World Bank Agricultural Projects. Criticisms and Evolution. the Example of Niger.

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Management of development projects – Exposé
Jessica Thomas

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Critical analysis of the program Growth Policy Reform Operation II to increase agricultural productivity in Niger. -------------------------------------------------

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Why are there so many criticisms toward the World Bank’s liberalization policies and structural adjustments in agriculture and how the World Bank could answer to them.

The market liberalization focus of the World Bank programs has been criticized for several years. The general criticisms are that the Bank's initiatives are too heavily focused on improving access to markets and promote the expansion of high-input agriculture rather than a transition to more sustainable methods.

However, despite these criticisms, no powerful alternative model has been able to replace the liberal approach, therefore, questions remain: Do the criticisms of the World tend to simplify the situation or are they relevant? A second question arises; does the WB take into account these objections to transform its programs?

I will in a first part try to present the main arguments criticizing the World Bank programs on agriculture. In a second part, I chose to present a WB’s program supporting agricultural reforms in Niger, in order to see if there is really a tendency to promote only market-solutions because of liberal premises. In a third part, I will try to balance a critical analysis of the project, with the observation of the evolutions in WB’s programs toward more sustainable solutions.

I. Criticisms of the neoliberal approach of the World Bank’s programs for agriculture

We can identify three main types of criticisms toward the World Bank’s programs:

1. The focus on strengthening the private sector by opening markets could damage small farmers’ economic opportunities, as the most competitive actors will dominate. Large corporations have the tools to dominate the market, which can undermine small farmers’ access to these markets. Moreover, small farmers do not necessarily benefit from the same economies of scales than big corporations, and therefore struggle to remain competitive. The famous Berg report, written in 1981, criticized African States’ policies and the so-called “bias against agriculture”, and public interventions had become suspicious, but the decrease in public spending as sometime dramatic consequences.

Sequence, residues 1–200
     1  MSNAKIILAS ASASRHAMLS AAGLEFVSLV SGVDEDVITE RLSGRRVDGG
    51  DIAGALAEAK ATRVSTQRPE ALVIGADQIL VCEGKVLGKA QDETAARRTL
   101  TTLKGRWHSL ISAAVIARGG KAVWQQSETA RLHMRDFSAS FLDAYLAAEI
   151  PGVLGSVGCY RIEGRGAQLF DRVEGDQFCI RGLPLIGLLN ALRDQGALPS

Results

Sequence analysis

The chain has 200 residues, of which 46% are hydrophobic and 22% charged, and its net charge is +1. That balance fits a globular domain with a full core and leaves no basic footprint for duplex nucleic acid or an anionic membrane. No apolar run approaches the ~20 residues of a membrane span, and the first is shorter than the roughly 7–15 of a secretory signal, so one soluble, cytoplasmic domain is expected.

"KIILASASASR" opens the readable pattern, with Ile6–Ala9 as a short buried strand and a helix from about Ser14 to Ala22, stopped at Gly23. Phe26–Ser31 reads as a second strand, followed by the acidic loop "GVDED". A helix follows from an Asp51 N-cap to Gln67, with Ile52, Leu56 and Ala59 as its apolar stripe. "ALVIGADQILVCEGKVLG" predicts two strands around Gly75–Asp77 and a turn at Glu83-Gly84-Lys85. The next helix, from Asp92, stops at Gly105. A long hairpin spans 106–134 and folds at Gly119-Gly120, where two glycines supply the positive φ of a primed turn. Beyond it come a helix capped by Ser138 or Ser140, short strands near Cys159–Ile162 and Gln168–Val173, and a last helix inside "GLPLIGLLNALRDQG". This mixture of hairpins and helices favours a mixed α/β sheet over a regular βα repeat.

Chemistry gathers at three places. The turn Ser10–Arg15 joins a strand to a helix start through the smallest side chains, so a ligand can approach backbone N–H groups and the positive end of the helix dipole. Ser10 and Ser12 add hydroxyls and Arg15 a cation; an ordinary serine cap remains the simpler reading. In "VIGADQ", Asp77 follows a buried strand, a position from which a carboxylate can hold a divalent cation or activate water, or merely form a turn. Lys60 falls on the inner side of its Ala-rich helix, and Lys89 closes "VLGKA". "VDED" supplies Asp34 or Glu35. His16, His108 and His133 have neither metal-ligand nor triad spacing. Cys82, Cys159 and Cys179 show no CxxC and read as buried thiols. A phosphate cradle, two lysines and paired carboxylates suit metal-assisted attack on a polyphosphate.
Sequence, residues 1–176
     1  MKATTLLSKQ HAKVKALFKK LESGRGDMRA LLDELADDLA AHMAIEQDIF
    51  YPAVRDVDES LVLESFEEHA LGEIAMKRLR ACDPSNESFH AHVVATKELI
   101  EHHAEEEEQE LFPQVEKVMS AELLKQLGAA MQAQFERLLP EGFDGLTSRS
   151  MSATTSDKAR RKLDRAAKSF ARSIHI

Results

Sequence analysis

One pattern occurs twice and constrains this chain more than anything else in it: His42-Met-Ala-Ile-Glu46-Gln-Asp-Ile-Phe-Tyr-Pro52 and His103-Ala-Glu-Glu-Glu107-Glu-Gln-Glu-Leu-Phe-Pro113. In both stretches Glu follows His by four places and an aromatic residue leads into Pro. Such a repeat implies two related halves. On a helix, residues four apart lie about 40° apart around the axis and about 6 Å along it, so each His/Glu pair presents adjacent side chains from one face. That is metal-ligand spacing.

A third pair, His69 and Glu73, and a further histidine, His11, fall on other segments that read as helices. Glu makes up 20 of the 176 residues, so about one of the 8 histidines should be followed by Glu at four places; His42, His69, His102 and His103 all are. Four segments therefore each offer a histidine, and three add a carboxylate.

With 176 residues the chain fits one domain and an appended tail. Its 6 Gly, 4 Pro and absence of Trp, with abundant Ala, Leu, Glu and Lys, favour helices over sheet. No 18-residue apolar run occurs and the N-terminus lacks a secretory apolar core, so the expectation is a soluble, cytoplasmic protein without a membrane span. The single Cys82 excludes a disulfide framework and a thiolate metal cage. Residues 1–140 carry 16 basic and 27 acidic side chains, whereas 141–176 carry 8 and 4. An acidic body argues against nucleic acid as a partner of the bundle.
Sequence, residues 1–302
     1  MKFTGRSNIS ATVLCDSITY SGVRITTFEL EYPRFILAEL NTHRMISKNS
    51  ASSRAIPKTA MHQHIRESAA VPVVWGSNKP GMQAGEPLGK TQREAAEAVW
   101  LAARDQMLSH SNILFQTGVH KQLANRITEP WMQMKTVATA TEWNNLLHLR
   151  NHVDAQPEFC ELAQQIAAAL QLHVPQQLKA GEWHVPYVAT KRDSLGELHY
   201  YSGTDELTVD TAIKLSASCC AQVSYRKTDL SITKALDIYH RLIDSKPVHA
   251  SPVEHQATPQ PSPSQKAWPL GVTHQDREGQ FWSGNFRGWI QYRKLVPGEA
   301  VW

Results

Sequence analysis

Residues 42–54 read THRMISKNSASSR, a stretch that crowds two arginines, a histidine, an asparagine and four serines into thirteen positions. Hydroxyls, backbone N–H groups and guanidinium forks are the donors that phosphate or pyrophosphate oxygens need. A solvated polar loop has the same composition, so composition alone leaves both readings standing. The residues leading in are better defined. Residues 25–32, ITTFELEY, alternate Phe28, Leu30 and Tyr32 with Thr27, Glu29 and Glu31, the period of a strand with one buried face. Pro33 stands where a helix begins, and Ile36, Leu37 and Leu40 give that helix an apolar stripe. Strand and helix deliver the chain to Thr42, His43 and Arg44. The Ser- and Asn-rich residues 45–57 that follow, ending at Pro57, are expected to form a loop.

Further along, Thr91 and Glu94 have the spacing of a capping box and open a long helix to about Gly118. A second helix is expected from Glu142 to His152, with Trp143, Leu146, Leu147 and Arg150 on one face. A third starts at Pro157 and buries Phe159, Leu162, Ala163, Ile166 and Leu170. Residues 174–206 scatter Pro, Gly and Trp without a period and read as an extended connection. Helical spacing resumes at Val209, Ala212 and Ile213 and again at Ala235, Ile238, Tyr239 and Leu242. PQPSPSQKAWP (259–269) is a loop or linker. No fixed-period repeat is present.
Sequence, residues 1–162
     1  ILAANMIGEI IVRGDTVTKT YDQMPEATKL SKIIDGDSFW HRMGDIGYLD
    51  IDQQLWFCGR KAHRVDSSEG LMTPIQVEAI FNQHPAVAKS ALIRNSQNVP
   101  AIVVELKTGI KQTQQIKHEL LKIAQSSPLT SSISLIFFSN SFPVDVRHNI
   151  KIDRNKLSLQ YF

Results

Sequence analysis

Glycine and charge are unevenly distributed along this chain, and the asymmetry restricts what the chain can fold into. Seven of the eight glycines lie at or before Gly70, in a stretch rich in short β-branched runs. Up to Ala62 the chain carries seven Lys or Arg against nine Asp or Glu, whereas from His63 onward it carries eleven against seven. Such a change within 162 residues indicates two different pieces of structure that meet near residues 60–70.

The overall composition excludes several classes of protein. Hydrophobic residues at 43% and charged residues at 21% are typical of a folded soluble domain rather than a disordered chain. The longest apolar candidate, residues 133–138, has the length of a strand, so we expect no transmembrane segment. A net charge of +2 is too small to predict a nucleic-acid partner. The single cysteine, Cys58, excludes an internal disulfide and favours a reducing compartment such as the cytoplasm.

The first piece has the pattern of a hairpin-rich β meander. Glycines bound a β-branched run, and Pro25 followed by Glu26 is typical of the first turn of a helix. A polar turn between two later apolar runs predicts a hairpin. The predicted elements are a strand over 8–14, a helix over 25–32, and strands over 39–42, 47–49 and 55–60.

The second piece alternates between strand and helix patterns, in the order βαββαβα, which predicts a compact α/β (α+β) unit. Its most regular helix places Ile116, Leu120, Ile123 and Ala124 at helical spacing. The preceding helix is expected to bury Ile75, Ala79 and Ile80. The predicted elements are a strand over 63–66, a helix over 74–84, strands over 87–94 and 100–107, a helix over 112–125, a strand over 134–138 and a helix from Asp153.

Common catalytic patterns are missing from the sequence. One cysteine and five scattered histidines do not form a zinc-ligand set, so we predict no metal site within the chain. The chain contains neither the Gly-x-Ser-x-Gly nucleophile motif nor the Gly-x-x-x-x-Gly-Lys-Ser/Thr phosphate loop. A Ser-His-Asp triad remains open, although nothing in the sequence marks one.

2. The Bank also defends land reforms to ensure a better distribution of resources. However, some criticisms have emerged about these political choices too, as the reforms had sometime threatened the socio-economic environment of small farmers. The risk of land grabbing has appeared with the sale of large land holdings to foreign commercial interests. Forced sales from poverty or bank seizures could accelerate.

3. The promotion of cheap distribution of agricultural inputs, in particular fertilizer, could be perceived as a short-term solution, damaging the environment.

We can now, try to understand if these criticisms are relevant or tend to simply a more complex situation. It would be also interesting to see if these criticisms have led the World Bank to transform its programs’ objective and implementation.

II. Does the WB project supporting agriculture in Niger could be criticized as focusing on a strategy of liberalization or does the WB developed recently new types of programs to cope with these criticisms?

A. The socio-economic context in Niger: stresses on resources, and consequences of climate change, increase political and social instability.

Geography and demography
Niger is a mostly desert country with a population of around 16 million. Niger has one of the world’s highest population growth rates that put pressure on Niger’s limited resources. The country is regularly facing dramatic climatic crisis and therefore deep social crisis, as...
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